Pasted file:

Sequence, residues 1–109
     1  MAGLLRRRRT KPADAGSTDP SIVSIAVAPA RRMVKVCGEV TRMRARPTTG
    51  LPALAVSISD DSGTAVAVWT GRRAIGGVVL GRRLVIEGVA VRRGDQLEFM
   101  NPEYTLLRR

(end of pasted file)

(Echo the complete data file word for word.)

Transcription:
Sequence, residues 1–109
     1  MAGLLRRRRT KPADAGSTDP SIVSIAVAPA RRMVKVCGEV TRMRARPTTG
    51  LPALAVSISD DSGTAVAVWT GRRAIGGVVL GRRLVIEGVA VRRGDQLEFM
   101  NPEYTLLRR